The German mathematician Georg Cantor would, in the decade following this 1870 portrait, develop set theory and discover the infinite hierarchy of infinite sets.

But to Cantor’s immense distress, he couldn’t prove it.

In 1900, the mathematician David Hilbert put the continuum hypothesis first on his famous list of 23 math problems to solve in the 20th century. Hilbert was enthralled by the nascent mathematics of infinity — “Cantor’s paradise,” as he called it — and the continuum hypothesis seemed like its lowest-hanging fruit.

To the contrary, shocking revelations last century turned Cantor’s question into a deep epistemological conundrum.

The trouble arose in 1931, when the Austrian-born logician Kurt Gödel discovered that any set of axioms that you might posit as a foundation for mathematics will inevitably be incomplete. There will always be questions that your list of ground rules can’t settle, true mathematical facts that they can’t prove.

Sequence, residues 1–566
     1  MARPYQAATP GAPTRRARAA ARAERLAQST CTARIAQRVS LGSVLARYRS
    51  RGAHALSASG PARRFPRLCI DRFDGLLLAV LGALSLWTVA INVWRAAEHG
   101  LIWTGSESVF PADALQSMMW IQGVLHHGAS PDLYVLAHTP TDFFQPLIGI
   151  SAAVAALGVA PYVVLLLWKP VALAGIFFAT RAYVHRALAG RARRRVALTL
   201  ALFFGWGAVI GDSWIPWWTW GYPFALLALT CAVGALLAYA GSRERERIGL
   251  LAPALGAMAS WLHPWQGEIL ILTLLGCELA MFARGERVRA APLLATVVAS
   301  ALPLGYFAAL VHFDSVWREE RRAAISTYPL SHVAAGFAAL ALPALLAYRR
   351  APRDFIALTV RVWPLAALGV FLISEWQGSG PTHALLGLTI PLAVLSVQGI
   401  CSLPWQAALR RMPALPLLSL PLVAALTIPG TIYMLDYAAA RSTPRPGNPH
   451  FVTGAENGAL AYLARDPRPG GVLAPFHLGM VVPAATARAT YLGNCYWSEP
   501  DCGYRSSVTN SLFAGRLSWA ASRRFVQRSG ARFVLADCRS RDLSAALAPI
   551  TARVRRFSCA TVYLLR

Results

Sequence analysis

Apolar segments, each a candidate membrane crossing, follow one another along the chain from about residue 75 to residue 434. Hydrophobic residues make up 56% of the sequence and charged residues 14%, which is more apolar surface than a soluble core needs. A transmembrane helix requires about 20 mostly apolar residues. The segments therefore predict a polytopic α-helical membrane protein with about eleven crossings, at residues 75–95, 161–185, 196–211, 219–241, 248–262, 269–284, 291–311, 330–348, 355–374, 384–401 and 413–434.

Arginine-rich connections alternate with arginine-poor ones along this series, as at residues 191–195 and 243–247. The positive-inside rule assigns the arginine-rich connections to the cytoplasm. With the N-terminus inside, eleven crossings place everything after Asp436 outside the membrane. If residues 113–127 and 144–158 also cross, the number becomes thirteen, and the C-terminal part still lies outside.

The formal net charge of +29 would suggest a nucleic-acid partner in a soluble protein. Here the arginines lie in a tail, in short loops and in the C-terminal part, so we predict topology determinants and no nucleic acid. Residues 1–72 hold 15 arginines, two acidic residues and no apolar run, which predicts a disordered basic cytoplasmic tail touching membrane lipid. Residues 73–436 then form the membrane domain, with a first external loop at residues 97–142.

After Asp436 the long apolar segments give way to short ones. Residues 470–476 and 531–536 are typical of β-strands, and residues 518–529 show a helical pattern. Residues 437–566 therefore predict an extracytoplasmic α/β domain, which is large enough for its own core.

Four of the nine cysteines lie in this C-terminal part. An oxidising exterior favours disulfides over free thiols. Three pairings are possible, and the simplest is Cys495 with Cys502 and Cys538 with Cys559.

As Gödel suspected right away, the continuum hypothesis is such a case: a problem that’s independent of the standard axioms of mathematics.

These axioms, 10 in all, are known as ZFC (for “Zermelo-Fraenkel axioms with the axiom of choice”), and they undergird almost all of modern math. The axioms describe basic properties of collections of objects, or sets. Since virtually everything mathematical can be built out of sets (the empty set {} denotes 0, for instance; {{}} denotes 1; {{},{{}}} denotes 2, and so on), the rules of sets suffice for constructing proofs throughout math.

In 1940, Gödel showed that you can’t use the ZFC axioms to disprove the continuum hypothesis. Then in 1963, the American mathematician Paul Cohen showed the opposite —you can’t use them to prove it, either. Cohen’s proof, together with Gödel’s, means the continuum hypothesis is independent of the ZFC axioms; they can have it either way.

Cantor first posed the continuum hypothesis in this manuscript, dated July 11, 1877. The paper was published the following year.

In addition to the continuum hypothesis, most other questions about infinite sets turn out to be independent of ZFC as well. This independence is sometimes interpreted to mean that these questions have no answer, but most set theorists see that as a profound misconception.